Thursday, November 29, 2007


When the money runs out, so do we.

It would appear that the League took the old stagehand joke seriously. They burned through their $20 million in 2 1/2 weeks and promptly folded. And the deal went down along the lines that the Union had said, a fair exchange for work rules but no concessions.

Was a strike necessary? Evidently in the minds of certain Producers who seem to reflect the contemptuous attitude towards working people found among some bartenders, yes it was. There was going to be blood in the streets, one proclaimed.Literally, no. There were 500 people a day walking the picket lines in front of 27 venues for 10 hours a day for 19 days and, to my knowledge,not a single summons. But there was a tremendous display of solidarity from local unions inside and outside of the theatre community as well as support throughout the US, Canada and Europe.

If there was blood on the street, it flowed out from under the closed Box Office doors as productions hemorrhaged from lost ticket sales. If there was blood on the streets it was from restaurants, vendors, delis, hotels, cabs, novelty stores and other small business men and women who lost sales in order for some to gain more flexibility.

As business men and women who have an intimate knowledge of profit and loss statements (sometimes filed under fiction),the primary question will be when will they recoup what they've spent? I don't know the details of the changes in the contract or the potential impact on future productions but from what I understand, it will take a long, long time. Was it worth the disruption to the city? Was it worth the damage to the brand name that is "Broadway" that those of us who actually work in the theatre have struggled for years to attain and maintain?

It late, I'm bone tired and I have a show tomorrow. I don't have any answers to these questions nor is it even my place to try to answer them. There will be experts and pundits who will throughly discuss this in great detail and analysis right up until the start of the next news cycle.

Me, I'm just a stagehand who spends most of his time in the dark. And I'm going back to work.

Tuesday, November 27, 2007

Interlocking directorate? Who, me?

Over at Alternet there's a terrific piece on the strike and the MSM connections to it. Many of our members were shocked by the factually wrong information that was printed about them. Perhaps this article will explain why it happens and how the corporate culture effects them.

Broadway Corporations Like Disney Make Millions as Stagehands Strike to Save Homes, Jobs
By Nancy Van Ness, The Wip. Posted November 20, 2007.

While the commercial media obsess about tourists who can't see the Grinch, striking stagehands struggle to have their voices heard.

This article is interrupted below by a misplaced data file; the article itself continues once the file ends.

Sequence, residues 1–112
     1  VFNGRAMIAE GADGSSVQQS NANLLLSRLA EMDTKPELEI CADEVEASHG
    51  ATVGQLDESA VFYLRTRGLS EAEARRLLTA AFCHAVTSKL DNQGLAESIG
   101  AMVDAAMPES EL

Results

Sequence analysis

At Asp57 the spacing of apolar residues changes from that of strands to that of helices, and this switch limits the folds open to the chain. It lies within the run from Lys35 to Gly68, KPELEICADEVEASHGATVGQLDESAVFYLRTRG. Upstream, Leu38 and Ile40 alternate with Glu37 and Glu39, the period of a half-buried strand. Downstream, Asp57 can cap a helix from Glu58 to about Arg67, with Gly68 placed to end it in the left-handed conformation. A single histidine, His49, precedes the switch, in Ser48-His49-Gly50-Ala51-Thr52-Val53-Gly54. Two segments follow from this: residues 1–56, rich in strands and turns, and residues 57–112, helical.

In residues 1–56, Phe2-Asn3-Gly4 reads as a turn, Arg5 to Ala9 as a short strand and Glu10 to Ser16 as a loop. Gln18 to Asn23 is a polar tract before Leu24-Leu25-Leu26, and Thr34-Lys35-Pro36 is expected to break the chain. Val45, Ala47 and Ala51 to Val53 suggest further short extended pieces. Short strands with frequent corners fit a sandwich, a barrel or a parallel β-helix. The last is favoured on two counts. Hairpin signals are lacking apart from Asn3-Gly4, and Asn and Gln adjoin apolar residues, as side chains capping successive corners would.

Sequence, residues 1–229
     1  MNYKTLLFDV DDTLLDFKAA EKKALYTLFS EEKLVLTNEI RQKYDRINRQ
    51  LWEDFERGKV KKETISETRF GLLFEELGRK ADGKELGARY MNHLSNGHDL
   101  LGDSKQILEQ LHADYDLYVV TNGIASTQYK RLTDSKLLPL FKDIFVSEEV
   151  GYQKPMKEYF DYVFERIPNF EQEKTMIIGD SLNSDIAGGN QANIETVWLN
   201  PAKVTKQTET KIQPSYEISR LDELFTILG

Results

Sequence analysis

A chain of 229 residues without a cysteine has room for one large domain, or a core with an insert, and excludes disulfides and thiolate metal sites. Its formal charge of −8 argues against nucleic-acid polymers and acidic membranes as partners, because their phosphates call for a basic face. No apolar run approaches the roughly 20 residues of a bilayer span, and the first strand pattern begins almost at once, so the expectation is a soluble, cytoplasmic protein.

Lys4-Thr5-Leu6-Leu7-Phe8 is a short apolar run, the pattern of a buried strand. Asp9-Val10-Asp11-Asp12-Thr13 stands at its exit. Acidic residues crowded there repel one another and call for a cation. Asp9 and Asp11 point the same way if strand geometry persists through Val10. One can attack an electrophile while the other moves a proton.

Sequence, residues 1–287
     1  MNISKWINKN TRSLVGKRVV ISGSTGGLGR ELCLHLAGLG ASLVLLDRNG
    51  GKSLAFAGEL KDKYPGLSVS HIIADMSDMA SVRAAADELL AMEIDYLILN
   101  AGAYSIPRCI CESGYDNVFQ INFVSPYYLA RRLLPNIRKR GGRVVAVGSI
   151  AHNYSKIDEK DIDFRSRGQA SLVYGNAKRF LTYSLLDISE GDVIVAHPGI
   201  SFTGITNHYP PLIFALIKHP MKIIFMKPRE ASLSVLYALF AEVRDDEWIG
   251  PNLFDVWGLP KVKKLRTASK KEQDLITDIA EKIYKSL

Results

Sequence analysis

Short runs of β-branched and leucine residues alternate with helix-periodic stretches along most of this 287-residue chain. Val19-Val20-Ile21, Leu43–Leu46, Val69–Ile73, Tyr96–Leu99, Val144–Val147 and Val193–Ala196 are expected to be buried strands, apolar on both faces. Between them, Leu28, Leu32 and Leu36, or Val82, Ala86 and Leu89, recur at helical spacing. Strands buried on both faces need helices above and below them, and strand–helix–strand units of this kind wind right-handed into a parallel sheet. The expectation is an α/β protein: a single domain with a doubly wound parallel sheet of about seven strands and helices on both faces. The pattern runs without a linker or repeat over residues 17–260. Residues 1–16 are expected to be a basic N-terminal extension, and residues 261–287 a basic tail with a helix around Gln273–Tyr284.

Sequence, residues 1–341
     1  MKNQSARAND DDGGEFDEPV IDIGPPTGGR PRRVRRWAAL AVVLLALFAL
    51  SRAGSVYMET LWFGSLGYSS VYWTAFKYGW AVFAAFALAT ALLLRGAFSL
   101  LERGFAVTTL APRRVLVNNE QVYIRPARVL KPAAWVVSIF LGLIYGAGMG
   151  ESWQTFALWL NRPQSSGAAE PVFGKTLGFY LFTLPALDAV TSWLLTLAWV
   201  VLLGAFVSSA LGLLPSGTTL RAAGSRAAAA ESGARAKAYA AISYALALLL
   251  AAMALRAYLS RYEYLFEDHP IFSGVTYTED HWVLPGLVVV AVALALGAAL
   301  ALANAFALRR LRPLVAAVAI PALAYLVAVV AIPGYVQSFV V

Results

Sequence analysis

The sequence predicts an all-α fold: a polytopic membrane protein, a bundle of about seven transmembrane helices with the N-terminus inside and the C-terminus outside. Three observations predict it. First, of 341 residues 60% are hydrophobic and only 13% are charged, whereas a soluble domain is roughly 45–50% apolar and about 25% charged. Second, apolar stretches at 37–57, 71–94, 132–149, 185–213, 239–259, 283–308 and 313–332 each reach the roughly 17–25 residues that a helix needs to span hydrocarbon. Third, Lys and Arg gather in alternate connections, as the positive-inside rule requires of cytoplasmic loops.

Monday, November 26, 2007

Prop Man At The Last Supper

One of the best ways to demonstrate that the League has miscalculated Local One and it's membership was best summarized by a merchant on 46th St. He was reported to have said that by walking the picket line the members of Local One were working harder than they had in years. While this may have more openly shown the contempt that many of the aspiring nouveau and faux riche have for working people, it also demonstrates a lack of understanding of the inner strength that workers today need to have in order to survive today. They need that strength in order to survive downsizing and real estate inflation and diminished buying power of their wages and having their sons and daughters put in harms way. They need that strength in order to keep a household together when both parents have to work.

Walking a picket line with so many people and locations keeps a person from hearing all the stories of support given to the strikers but one story I heard stands out. At a meeting held the other day, among the things discussed was a need for volunteers in the office manning the phone bank. It was hoped to avoid a reoccurrence of the unfortunate loss we suffered earlier in the strike by protecting some of the older members from the inclement weather. As I’ve said earlier, we are accustomed to working in these kinds of conditions, unloading trucks and doing outdoor events but being in a union also means we protect our own.

There were no takers. The old timers felt that their presence on the line was more important than staying comfortable. Someone was quoted that being with my friends, protecting our jobs, keeps me warm.

So the League has gone to war with the stagehands over a philosophy of more. They need more flexibility, more profit and quicker returns to the investors, more latitude to do away with the way of doing things that they don’t understand the why or how the situation or job condition came into being. So be it. They weighed the profit and loss that was going to happen when they were knew there was going to be a strike or lockout and felt that the idea of more was of greater importance than a sense of community in creating an art form. And while they may share the contempt for working people that the hash slinger on 46th St. has, they also did not understand the soul of a union member. They did not understand the hardness it takes to get by in this world of diminished expectations, the fierce protectiveness of each other when threatened or our strength in numbers. This is not just stagehands I’m talking about. The whole theatrical community has come together because they know that they are probably next in the Leagues game plan.

Just be aware that you are taking on the young and fit and the old and hard. I suspect that was the fatal flaw in your plans.